European cinema has moved from a relatively simple capitalist model of production to an increasingly fragmented and complex model as the media industries developed. The majority of returns on a film's production will not nowadays be received from film distribution, but from broadcasting co-production pre-sales, videocassette deals of various sorts, video games, dvd disks, and sponsorship. These areas are only hinted at in the European Cinema Yearbook. On the one hand we can see the development of characteristic postmodern industrial forms which Harvey calls those of "flexible accumulation"2. This is characterized by the emergence of entirely new sectors of production, new ways of providing financial services, new markets and greatly intensified rates of commercial, technological and organizational innovation. On the other hand it only becomes possible to make a very individualistic, unconventional film within the low-budget sector of the media industries. High budget films have to be exploited in as many territories as possible, that is internationally, and in as many forms as possible.
In this financial climate, the choice of film project is extremely important. If you are a director who has a reputation for competence in the sphere of big budget, art or quality cinema, you need projects which are internationally exportable, because your film will not amortize its costs on the home market. You need to find a project which will find some recognition with international audiences, hence the consistent use by all European (and increasingly the American) film industries of the books of well-known or cult authors. Moreover, the author you choose must be of a status commensurate with your own.
It can also be argued that industrial constraints - the need to maximize selling opportunities of a variety of products besides the film itself, and the mass-appeal imperatives of commercial broadcasting - have resulted in the increased homogenization of prestige productions from both sides of the Atlantic. As Rossi suggested, commercial concerns have an effect on form:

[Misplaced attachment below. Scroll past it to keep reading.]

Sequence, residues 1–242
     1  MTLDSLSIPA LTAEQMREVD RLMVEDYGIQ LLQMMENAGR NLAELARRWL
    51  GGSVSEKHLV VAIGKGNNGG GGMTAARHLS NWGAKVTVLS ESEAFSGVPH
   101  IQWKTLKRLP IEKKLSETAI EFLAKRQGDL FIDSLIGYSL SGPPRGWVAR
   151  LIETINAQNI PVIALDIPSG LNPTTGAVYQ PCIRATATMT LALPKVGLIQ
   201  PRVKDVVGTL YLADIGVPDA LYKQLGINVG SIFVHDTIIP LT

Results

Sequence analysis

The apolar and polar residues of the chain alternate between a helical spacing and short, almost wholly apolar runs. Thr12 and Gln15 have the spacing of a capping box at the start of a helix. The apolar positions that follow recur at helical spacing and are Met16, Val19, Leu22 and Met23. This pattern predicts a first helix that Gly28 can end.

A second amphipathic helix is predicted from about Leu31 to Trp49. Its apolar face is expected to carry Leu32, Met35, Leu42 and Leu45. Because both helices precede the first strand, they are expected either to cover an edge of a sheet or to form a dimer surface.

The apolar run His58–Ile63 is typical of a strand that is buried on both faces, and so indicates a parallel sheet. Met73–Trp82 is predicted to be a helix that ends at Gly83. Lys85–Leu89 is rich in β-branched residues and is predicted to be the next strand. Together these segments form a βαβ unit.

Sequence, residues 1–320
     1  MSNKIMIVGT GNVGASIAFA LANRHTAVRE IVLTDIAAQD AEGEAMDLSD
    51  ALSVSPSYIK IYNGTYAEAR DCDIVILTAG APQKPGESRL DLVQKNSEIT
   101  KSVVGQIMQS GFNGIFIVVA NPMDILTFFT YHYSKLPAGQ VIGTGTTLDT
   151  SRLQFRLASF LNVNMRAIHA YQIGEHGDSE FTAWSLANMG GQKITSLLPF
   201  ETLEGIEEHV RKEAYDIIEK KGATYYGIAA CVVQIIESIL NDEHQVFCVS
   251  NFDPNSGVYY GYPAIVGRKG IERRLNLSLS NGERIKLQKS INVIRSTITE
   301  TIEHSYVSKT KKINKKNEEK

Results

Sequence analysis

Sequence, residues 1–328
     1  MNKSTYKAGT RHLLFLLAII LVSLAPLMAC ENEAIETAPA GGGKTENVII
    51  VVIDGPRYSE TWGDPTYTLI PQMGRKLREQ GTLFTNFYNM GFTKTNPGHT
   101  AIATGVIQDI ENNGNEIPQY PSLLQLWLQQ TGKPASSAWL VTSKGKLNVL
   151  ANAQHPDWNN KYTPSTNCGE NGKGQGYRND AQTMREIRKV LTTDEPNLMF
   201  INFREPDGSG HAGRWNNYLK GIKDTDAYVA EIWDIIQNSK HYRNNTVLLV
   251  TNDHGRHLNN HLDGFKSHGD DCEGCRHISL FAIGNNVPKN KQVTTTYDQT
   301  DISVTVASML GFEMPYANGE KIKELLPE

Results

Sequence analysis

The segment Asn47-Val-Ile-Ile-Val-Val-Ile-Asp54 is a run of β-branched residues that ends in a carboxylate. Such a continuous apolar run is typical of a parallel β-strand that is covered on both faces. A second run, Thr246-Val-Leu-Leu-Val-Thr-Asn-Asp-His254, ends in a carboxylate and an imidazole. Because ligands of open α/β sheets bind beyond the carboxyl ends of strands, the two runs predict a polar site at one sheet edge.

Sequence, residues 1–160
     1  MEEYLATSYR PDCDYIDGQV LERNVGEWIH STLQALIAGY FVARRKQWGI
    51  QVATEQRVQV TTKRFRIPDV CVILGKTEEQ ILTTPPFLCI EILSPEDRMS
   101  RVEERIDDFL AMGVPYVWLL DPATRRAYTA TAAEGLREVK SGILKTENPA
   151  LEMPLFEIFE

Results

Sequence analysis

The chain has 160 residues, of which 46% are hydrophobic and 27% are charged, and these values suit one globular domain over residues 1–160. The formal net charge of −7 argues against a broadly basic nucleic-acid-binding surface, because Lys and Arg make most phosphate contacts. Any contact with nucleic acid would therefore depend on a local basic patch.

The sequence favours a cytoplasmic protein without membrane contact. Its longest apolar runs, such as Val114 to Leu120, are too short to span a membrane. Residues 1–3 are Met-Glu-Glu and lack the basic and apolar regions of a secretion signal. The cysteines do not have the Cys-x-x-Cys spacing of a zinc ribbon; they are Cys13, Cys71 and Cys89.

"Berlusconi recently enunciated the iron principles of production as: "filmed in English, with the needs of the international market in mind and with no sequence lasting more than 7 minutes, in order to facilitate the harmonious placing of adverts when the film is broadcast"3. On the other hand, we can observe increased attempts, by individual European states, and by the European Union, to combat these accumulative tendencies by creating a space for expressions of the local, and of national identity. Germany’s subsidies for film programming and the release of prints, the tax relief scheme formerly known as Section 35 in Ireland are examples. Film directors cannot but help, therefore, having to engage with not one but many cultural industries in order to continue making films.